Written by K. Monet Rice
I have gotten better as I have become more health conscious. But I realize I will always be an addict and will always be in recovery. I like to blame it on being from the Dirty South and on the fact that my Grandmama’dem can cook! But isn’t that everyone’s excuse? I have noticed, however, that the start of my journey to recovering from deep fried addiction correlates with the start of my journey to loving me. Loving myself includes doing introspective work of both asking the piercing question, “What am I feeling,” and answering the question honestly. Unfortunately, articulating feelings and displaying emotions are not fostered in many minority communities and hence the inability to articulate one’s feelings is parlayed into comfort eating.
I have a hypothesis about how comfort eating starts. It starts in infancy. When a baby is uncomfortable he or she cries. When the baby’s cries are not convenient to the moment or creates a sense of disturbance to non-babies in the vicinity, typically, something is placed into the crying babe’s mouth to silence the display of discomfort. After infancy, this pattern is rarely broken. For many of us, when discomfort is felt – mainly in the forms of lose, grief, sadness and discontent, we turn to food because it gives us an instant feeling of dopamine gladness. The sweet feeling of fullness and the pleasure of taste has the capacity to convince us that contentment and happiness has been attained. When in fact, there is a good chance that depression is present. I would even argue that food addiction is a display of depression.
In her book “Black Pain: It just looks like we’re not hurting,” Terrie Williams argues that Black Power masks Black Pain. Decades after the “black is beautiful” movement that sense of pride has morphed into a masking, or blindfold if you will, that hides the pain of poverty and racism. According to Williams, the result is depression expressed through violence, addiction, suicide as well as obesity and hypertension. Surely there is some correlation between the social ails that black people and minorities face and the overwhelming figures of persons in these communities affected by diabetes, bad cholesterol and hypertension.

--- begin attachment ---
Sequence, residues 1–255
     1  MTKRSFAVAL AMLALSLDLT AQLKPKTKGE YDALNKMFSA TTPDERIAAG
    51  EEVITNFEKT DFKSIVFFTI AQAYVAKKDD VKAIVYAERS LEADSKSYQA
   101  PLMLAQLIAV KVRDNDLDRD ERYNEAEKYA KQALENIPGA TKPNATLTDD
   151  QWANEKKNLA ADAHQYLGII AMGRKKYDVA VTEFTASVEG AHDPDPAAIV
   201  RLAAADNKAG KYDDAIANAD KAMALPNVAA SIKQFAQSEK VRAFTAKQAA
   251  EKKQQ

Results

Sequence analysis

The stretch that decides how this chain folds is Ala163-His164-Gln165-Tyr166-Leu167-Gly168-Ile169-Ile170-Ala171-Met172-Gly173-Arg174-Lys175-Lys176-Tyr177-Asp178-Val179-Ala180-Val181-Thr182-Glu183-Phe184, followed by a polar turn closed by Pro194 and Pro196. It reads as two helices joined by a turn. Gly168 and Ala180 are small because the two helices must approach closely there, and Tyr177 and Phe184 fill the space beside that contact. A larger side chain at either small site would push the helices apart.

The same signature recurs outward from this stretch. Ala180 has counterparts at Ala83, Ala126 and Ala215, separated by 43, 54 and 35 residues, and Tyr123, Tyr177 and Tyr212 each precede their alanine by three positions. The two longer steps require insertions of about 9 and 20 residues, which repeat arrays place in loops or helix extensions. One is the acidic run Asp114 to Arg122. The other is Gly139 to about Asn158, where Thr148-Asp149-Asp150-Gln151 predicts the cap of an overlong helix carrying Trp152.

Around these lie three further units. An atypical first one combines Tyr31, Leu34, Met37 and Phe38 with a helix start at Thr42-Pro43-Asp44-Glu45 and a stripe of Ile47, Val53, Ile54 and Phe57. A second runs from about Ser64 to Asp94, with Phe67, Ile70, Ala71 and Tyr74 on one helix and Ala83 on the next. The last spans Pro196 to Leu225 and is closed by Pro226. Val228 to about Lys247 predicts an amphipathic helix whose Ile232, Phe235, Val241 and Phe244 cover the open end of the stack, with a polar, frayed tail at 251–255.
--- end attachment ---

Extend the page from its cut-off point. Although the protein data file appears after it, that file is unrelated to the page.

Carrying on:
The black community’s affinity towards soul food has deep roots. And while I do not advocate forgoing traditional cultural dishes – I must inject an all things in moderation disclaimer. Fast food chains also have roots in black communities, but the roots of these establishments and the funds that fuel them are not rooted in the same soulful soil. Nonetheless, regardless of food choices and preparation preferences, here are some ways to identify whether you have a food addiction that may be covering a greater issue – namely, depression.
- Aware that fatty processed foods are damaging to your health, do you still engorge yourself with fast food meals more than once a week on a regular basis?
1b. Do you engage in this under the auspices that it taste good or because it is convenient?
- Do you typically “need” something sweet at the end of a hard day?
- Do you eat when you’re not hungry? Are these foods in the junk food category?
- Have you gained more than 20lbs in the past year due to unrelated medical conditions?
- Do you eat in your car afraid that people will stare at you if you eat in a restaurant?
- Do you often excuse your soft-drink habit as “not liking water?”
- Do you only eat vegetables that have been soaked in animal fat?
- Do you envision yourself alive at 80?
- Can you identify the things that “hurt” in your life? How about the things that hurt emotionally?
- Are you down right aware that you have an eating problem?
If your answer to any of these questions cause alarm inside of you, take a moment to examine what could possibly be taking place below the surface. I am a recovering deep fried addict. But I’m intent on asking myself the why’s of my what’s. Why do I want Girl Scout cookies at 11pm? Am I craving something sweet or am I trying to compensate for a lack of another kind of sweetness? Once I know the root of my issue, I can begin to snatch up the weeds threatening to cloud my judgment and clog my arteries. I am on the road to recovery – one question at a time. And yes, while deep fried does indeed taste good, I believe I am worth better.
 Williams, Terrie. Black Pain: It just looks like we’re not hurting. (New York: Scribner, 2009)
 The author is not a medical doctor and is not certified to diagnose depression or addiction. These are just Socratic questions to get one to the roots of their actions.
 In this day and age we know the benefits of eating fresh fruits and vegetables. A failure to do so might be an omission of care about one’s long-term health.